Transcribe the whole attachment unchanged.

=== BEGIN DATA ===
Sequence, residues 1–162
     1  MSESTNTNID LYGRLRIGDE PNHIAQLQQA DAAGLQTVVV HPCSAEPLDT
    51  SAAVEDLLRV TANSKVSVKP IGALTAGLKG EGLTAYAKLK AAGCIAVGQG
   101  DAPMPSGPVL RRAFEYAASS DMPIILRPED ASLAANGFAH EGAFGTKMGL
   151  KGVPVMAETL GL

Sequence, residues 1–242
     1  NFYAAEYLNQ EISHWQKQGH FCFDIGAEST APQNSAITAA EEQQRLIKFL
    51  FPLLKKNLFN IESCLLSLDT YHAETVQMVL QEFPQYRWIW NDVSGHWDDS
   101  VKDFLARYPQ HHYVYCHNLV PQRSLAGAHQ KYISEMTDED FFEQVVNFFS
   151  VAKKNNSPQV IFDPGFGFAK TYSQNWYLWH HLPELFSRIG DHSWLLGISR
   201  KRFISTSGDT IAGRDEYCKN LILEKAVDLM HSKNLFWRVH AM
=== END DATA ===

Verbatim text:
Sequence, residues 1–162
     1  MSESTNTNID LYGRLRIGDE PNHIAQLQQA DAAGLQTVVV HPCSAEPLDT
    51  SAAVEDLLRV TANSKVSVKP IGALTAGLKG EGLTAYAKLK AAGCIAVGQG
   101  DAPMPSGPVL RRAFEYAASS DMPIILRPED ASLAANGFAH EGAFGTKMGL
   151  KGVPVMAETL GL

Sequence, residues 1–242
     1  NFYAAEYLNQ EISHWQKQGH FCFDIGAEST APQNSAITAA EEQQRLIKFL
    51  FPLLKKNLFN IESCLLSLDT YHAETVQMVL QEFPQYRWIW NDVSGHWDDS
   101  VKDFLARYPQ HHYVYCHNLV PQRSLAGAHQ KYISEMTDED FFEQVVNFFS
   151  VAKKNNSPQV IFDPGFGFAK TYSQNWYLWH HLPELFSRIG DHSWLLGISR
   201  KRFISTSGDT IAGRDEYCKN LILEKAVDLM HSKNLFWRVH AM